Gender, Development and Disasters
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Gender, Development and Disasters

Sarah Bradshaw

Sarah Bradshaw critically examines key notions, such as gender, vulnerability, risk, and humanitarianism, underpinning development and disaster discourse. Case studies are used to demonstrate how disasters are experienced individually and collectively as gendered events. Through consideration of processes to engender development, it problematizes women’s inclusion in disaster response and reconstruction. The study highlights that while women are now central to both disaster response and development, tackling gender inequality is not. By critically reflecting on gendered disaster response and the gendered impact of disasters on processes of development, it exposes some important lessons for future policy.
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Chapter 9: Disaster Risk Reduction

Sarah Bradshaw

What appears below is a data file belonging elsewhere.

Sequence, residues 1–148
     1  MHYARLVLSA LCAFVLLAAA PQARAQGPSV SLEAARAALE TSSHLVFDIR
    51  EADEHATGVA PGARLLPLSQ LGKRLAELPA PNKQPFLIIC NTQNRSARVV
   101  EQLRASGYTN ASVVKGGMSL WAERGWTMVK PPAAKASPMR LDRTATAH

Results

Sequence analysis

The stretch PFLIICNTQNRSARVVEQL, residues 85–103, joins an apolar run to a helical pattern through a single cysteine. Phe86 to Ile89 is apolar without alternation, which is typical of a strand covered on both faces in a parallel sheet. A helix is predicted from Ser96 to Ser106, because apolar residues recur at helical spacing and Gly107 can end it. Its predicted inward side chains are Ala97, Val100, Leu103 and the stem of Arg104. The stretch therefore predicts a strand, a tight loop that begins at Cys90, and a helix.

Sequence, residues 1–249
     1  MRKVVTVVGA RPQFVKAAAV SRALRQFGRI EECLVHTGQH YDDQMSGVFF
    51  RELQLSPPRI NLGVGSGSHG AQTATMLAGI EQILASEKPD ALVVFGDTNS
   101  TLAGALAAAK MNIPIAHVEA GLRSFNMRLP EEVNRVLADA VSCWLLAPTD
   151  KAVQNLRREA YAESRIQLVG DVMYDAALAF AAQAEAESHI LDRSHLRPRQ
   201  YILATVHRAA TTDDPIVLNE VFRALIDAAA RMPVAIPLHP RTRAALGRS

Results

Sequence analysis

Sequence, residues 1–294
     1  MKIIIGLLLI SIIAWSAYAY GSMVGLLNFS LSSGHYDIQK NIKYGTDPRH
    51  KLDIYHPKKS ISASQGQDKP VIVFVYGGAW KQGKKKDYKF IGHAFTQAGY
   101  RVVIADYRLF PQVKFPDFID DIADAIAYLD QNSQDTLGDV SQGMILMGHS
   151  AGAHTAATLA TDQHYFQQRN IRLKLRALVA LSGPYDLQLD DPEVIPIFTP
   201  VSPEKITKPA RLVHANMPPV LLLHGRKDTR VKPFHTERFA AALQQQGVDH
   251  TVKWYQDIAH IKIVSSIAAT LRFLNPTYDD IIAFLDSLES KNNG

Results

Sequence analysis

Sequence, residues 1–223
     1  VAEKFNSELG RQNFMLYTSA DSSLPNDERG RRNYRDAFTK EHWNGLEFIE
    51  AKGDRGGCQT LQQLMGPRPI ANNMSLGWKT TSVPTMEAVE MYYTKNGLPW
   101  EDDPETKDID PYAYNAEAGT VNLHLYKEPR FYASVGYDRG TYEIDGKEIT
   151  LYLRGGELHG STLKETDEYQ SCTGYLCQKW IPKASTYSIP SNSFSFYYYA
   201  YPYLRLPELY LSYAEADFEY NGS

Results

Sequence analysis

The opening chapters of this book explored the discourses of disasters and development. They considered what makes a hazard a disaster, exploring notions of vulnerability and risk. Subsequent chapters have looked at the relief and reconstruction phases. This chapter will return to the discourses of disasters and development but this time the focus will be on the policy rather than the academic discourse. The chapter will focus on the ‘last’ stage of the disaster cycle, which may also be read as the ‘first’ stage – preparation. It will explore the evolution in the disaster discourse to the present focus on Disaster Risk Reduction (DRR). Despite the regularity with which they occur, disasters continue to be conceptualised as extraordinary events that break the established pro- cesses of ‘development’. However, more recently, there has been growing interest in ‘disaster proofing’ development. The notion of risk that has emerged as central to the disaster discourse has also become more central to the World Bank discourse around social protection and poverty alleviation. This chapter will focus on the global agreement that frames DRR – the Hyogo Framework for Action (HFA). It will explore how the HFA relates to other global initiatives such as those addressing climate change as well as the global development framework – the Millennium Development Goals (MDGs). At the same time as there has been a move to disaster proof development there has been a move to ‘engender’ disasters. Drawing on experience of engendering development, this chapter will consider the extent to which processes of feminisation of disaster response

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